Students in computational hydraulics may apply to one of two graduate degree programs: Civil Engineering (CE - administered by the Department of Civil and Environmental Engineering) or Environmental Engineering (EnE - administered by the Henry Samueli School of Engineering).  The EnE program requires graduate students to take courses in a broader range of topics (hydraulics/hydrology, water quality, air quality) than the CE program, and tends to be more flexible for students with non-engineering backgrounds such as environmental science, physics, or chemistry. The CE program tends to be better suited to students who are mostly interested in the physical, mathematical, and computational aspects of environmental hydrology and water resources.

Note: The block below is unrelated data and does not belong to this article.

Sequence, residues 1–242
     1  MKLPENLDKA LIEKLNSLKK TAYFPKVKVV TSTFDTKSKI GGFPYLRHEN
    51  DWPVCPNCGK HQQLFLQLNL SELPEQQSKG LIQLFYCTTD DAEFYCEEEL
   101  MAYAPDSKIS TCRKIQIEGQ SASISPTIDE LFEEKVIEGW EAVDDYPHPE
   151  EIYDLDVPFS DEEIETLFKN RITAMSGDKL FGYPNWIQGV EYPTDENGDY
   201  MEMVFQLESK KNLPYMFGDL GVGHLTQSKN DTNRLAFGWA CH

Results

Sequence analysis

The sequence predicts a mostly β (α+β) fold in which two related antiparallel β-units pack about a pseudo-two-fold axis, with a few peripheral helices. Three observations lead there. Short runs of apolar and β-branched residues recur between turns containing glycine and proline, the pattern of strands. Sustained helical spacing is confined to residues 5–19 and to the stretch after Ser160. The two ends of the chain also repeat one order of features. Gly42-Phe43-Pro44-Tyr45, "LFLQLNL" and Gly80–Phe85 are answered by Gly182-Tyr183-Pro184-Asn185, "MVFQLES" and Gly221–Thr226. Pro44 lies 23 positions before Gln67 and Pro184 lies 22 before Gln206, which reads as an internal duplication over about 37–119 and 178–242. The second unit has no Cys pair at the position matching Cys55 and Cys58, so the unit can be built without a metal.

Students involved in research projects with Professor Sanders are encouraged to take graduate courses in hydrology, fluid mechanics, numerical methods, remote sensing, hydraulics, oceanography, environmental chemistry and microbiology, and data analysis methods. Programming skills are essential for success in research projects, but are not a prerequisite for admission. Most students get up to speed after starting a project. The programming platforms common to the Sanders group are Fortran and Matlab.

Graduate student support is available in the form of fellowships, research assistantships, and teaching assistantships.